Rembrandt ‘mixed flour with paints’ for a thicker painting stroke

Friday, February 4, 2011

WASHINGTON - A new study has found that 17th-century Dutch artist Rembrandt used wheat starch in some of his paint to achieve a thicker stroke.

Experts at the Royal Institute for Cultural Heritage in Brussels reveal new insights into the techniques that Rembrandt experimented with as he created his masterpieces.

“The most striking result is undoubtedly the presence of starch, which to our knowledge has not been observed before in Rembrandt’s work,” Discovery News quoted Jana Sanyova, an analytical chemist, as saying.

“He was probably looking for special effects,” she said.

“Rembrandt is known as a very ingenious and inventive artist-experimentalist who exceptionally mastered the use of his materials. The introduction of flour at the height of his career shows once more how he was keen for challenges,” Sanyova said.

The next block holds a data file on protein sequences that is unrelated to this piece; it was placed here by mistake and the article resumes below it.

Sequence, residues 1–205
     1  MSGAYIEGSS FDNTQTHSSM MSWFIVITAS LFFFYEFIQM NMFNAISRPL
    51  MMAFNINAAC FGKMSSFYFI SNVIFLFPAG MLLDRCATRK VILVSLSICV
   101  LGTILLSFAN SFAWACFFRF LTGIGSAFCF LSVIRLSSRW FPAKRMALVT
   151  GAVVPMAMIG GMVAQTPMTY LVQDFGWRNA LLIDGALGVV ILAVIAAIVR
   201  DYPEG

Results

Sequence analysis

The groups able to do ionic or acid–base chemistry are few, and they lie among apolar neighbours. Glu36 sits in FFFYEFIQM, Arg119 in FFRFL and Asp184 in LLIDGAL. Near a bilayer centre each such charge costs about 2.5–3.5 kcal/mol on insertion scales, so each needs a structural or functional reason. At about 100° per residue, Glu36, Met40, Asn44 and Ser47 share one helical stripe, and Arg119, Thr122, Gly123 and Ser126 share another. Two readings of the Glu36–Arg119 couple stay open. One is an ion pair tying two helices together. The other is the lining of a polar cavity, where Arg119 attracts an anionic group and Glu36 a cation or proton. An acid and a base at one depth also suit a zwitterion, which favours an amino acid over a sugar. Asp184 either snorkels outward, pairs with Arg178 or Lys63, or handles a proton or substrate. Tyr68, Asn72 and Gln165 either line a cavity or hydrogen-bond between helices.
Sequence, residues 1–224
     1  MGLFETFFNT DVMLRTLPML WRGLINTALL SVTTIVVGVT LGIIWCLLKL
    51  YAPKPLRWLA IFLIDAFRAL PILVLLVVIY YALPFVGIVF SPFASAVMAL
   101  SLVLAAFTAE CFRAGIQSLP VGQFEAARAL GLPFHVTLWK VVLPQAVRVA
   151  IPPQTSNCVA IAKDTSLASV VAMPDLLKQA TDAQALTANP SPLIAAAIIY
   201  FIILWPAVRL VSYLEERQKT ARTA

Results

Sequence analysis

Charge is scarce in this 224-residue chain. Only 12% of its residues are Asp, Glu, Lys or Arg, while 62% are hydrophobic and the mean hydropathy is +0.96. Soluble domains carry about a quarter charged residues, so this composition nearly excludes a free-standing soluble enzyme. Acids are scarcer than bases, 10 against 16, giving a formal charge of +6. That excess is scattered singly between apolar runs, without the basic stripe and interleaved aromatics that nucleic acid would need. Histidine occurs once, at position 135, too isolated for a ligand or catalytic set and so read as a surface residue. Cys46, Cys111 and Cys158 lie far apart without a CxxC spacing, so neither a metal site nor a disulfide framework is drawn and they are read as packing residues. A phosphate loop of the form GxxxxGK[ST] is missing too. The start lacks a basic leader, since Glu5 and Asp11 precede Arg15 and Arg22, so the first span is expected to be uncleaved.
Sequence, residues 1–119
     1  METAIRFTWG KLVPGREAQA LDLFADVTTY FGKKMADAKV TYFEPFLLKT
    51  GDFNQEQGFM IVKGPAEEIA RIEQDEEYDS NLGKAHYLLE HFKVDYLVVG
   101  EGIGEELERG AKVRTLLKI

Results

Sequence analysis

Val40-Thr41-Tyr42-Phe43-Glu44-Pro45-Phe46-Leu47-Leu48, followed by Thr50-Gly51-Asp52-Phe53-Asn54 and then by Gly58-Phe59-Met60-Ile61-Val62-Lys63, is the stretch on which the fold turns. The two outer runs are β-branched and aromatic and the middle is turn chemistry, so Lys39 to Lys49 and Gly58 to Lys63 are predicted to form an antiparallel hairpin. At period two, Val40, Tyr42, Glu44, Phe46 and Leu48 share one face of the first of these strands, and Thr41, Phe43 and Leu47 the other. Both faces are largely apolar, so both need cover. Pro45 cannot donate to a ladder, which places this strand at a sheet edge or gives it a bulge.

Usually, it is difficult to analyze paint layers because they are spread so incredibly thin. The thinnest ones rise just a thousandth of a millimeter above the layer below them.

Sanyova and colleagues used some of the most high-tech equipment around to look at the “Portrait of Nicolaes van Bambeeck,” which Rembrandt van Rijn painted in 1641.

Results revealed that for the second greyish layer of paint on the “Portrait of Nicolaes van Bambeeck,” Rembrandt mixed oil and a small amount of lead with wheat flour.

According to Narayan Khandekar, a conservation scientist at the Harvard Art Museums in Cambridge, Mass, the technique helped the artist make his oily paint thicker and more viscous.

“It’s rediscovering a lost technique. People are curious to know what Rembrandt used to paint with because he’s one of the greatest painters. It’s natural to want to know,” he said.

The find appears in the journal Analytical Chemistry. (ANI)

Filed under: Science and Technology

will not be displayed